Bitcoin mining has exploded in Venezuela due to the country’s massive hyperinflation. Now the Venezuelan government is requiring bitcoin miners to join an online registry.
It seems that the misery of the Venezuelan people knows no end. The South American country’s economy has been hammered by massive hyperinflation due to the policies of the authoritarian government, now headed by President Nicolas Maduro. Many people, both poor and rich, have turned to mining Bitcoin in order to survive. Now a further clampdown is coming as the Venezuelan government is requiring bitcoin miners to join an online registry.
Sign Up … Or Else
The announcement of the new registry was made at a recent press conference by Carlos Vargas, the newly appointed “superintendent of Venezuelan cryptocurrency.” Bitcoin miners will have to start registering with the government on December 22nd when the online registry goes live.
Of the information that the government is looking for, Vargas says:
We want to know who they are, we want to know where they are, we want to know what equipment they are using.
Those in favor of the registry say that it will offer legal protections to bitcoin miners. Currently, the government has been cracking down on miners, such as the recent police raid on December 9th that saw the confiscation of 21 mining computers and the arrest of their 31-year-old owner. The police have charged the bitcoin miner with exchange fraud, computer crimes, damage to the national electric system, financing terrorism, and money laundering. (I’m surprised they didn’t throw in jaywalking while they were at it.)
What Could Go Wrong?
The people of Venezuela have been hammered by the socialist economic policies of the country’s last few administrations. Basic necessities, such as food and medical supplies, are non-existent, and inflation has reached over 4000% this year. Such circumstances have forced people to turn to Bitcoin in order to get the items they need to actually survive, and the situation is not getting any better. Weekly bitcoin trading in Venezuela has skyrocketed from $225,000 early in the year to a staggering $2.1 million in the first week of December.
As soon as the people turned to bitcoin mining, extortion and theft by the authorities have happened. Many individuals have had their mining rigs confiscated by police and federal authorities, only to have those authorities use the machines to mine bitcoins for themselves. One miner recently gave up 11 of his 20 machines in lieu of a $20,000 bribe, and insult has been added to injury as the officials who stole his machines now contact him for technical advice.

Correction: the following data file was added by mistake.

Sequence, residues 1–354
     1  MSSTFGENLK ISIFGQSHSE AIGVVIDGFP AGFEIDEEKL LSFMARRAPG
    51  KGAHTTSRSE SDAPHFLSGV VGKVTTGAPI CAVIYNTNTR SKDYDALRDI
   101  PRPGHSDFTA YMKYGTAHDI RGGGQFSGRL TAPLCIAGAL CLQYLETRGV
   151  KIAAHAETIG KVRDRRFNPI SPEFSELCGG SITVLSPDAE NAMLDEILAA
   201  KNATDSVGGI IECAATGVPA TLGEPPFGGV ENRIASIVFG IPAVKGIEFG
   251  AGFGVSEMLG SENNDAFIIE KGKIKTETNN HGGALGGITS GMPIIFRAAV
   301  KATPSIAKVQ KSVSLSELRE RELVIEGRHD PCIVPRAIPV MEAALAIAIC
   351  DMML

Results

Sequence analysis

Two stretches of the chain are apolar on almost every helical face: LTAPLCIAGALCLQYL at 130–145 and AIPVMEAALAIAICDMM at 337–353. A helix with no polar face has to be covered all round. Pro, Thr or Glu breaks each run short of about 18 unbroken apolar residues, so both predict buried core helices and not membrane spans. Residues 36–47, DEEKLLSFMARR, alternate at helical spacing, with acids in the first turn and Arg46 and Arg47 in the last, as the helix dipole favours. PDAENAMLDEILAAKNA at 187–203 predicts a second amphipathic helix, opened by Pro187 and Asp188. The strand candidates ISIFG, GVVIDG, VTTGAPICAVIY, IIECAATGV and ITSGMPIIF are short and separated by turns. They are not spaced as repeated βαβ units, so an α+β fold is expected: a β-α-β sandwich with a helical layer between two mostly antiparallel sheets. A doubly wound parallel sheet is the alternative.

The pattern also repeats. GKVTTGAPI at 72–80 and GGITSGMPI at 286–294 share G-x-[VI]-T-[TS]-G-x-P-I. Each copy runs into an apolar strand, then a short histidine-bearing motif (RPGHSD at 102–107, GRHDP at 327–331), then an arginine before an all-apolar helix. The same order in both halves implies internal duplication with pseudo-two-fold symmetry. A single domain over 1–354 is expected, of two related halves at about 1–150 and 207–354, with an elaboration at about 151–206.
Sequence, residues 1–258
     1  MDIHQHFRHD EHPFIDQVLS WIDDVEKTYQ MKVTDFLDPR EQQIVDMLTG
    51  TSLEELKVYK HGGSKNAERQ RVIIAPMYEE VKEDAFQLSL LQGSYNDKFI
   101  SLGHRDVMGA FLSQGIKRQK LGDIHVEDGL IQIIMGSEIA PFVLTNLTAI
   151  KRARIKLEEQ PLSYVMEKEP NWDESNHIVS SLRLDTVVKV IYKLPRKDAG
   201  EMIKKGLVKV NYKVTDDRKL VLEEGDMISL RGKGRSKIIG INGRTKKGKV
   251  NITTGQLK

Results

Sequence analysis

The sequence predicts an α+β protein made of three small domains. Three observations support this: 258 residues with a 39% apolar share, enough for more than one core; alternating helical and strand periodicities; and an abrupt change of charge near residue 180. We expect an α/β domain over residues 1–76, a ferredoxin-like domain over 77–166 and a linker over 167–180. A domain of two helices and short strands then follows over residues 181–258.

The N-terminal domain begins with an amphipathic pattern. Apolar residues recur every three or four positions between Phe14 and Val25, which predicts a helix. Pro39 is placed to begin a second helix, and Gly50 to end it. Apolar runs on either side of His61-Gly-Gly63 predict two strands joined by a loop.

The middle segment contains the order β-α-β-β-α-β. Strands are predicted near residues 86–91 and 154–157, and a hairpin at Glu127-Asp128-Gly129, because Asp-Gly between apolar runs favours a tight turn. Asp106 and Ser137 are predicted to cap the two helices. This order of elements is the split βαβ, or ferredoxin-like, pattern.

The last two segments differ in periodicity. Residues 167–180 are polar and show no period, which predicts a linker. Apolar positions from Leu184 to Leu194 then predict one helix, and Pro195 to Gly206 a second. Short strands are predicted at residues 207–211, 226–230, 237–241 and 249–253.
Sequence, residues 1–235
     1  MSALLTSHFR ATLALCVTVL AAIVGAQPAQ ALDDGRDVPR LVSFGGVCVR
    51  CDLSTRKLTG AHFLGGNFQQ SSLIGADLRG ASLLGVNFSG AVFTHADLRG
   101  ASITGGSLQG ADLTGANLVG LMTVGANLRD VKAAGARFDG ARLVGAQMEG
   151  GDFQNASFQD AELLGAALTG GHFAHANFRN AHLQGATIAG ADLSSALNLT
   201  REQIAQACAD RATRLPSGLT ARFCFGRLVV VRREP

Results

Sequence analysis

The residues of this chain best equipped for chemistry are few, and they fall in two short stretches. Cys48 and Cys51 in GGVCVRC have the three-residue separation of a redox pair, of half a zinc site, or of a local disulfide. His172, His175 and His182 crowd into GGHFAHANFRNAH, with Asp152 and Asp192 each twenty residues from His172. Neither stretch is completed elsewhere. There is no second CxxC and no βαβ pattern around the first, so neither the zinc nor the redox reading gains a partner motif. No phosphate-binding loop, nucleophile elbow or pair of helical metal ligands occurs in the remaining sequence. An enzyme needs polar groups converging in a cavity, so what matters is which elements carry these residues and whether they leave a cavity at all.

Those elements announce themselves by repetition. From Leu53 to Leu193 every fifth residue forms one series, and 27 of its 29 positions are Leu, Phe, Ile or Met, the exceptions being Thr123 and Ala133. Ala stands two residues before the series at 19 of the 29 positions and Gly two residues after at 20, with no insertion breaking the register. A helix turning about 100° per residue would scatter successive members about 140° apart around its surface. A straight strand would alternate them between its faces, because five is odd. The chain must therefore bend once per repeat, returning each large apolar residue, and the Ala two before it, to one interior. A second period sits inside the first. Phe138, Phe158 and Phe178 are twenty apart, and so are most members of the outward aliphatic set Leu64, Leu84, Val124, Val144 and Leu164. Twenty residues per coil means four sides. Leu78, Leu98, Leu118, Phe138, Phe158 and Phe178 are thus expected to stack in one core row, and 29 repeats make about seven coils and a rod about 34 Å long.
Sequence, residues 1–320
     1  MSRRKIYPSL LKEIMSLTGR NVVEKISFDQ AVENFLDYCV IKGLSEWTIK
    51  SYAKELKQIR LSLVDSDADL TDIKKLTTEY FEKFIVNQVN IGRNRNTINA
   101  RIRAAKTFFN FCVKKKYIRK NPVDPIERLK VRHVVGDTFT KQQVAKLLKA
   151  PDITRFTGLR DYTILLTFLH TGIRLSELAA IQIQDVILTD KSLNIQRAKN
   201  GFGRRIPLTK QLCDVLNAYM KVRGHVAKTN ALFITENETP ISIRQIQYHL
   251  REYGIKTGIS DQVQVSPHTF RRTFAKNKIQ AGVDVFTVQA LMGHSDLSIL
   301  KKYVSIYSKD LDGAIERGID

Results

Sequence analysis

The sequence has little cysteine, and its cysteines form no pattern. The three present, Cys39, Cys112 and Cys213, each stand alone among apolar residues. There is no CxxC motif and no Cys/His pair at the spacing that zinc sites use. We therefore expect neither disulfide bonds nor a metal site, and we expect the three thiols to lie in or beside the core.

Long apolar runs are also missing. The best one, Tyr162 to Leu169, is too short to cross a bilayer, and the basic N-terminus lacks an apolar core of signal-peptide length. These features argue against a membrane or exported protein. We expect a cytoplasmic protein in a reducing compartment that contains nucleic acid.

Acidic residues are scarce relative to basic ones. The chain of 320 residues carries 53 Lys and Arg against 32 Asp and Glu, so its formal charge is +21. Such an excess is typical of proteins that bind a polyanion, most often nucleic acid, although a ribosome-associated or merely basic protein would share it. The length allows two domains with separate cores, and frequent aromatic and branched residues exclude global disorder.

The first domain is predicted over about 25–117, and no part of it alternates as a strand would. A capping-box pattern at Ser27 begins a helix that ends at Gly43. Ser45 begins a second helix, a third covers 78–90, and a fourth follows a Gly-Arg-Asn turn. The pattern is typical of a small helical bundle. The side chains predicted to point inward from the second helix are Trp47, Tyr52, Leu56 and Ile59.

So, what could go wrong with an online registry for bitcoin miners? The most obvious is that the government will be able to do a mass confiscation once a full list has been compiled. The government of Venezuela has nationalized (forcibly taken over) hundreds of businesses, which has led to the vast majority of them failing.
As David Fernando Lopez Torres, who moved his mining farm from Venezuela to San Francisco, notes:
If I were still in Venezuela, there’s no way I would sign up. If they weren’t protecting miners’ rights without a registry, how can they trust that they would protect their rights with a registry? First they need to publicize what the registry will be used for, because we can’t trust their intentions.
The likely result of the new online registry is that the majority of bitcoin miners will move even further underground. You would have to be stark-raving mad to believe that a corrupt government will honor any agreement to allow bitcoin miners to legally operate in peace. Either new taxes will be imposed upon the miners or the government will outright confiscate the equipment. Either way, the government will take the bounty of bitcoin mining for themselves.
A dictatorial president, a national government who has seized hundreds of legal businesses, economic policies that have ravaged the country, and massive corruption all point to a really bad outcome for those who sign up for the registry. But at least Venezuela will have the Petro, their own national cryptocurrency!
What do you think about the compulsory registry for bitcoin miners in Venezuela? Would you sign up? Let us know your thoughts in the comments below.
Images courtesy of Pixabay and Bitcoinist archives.Show comments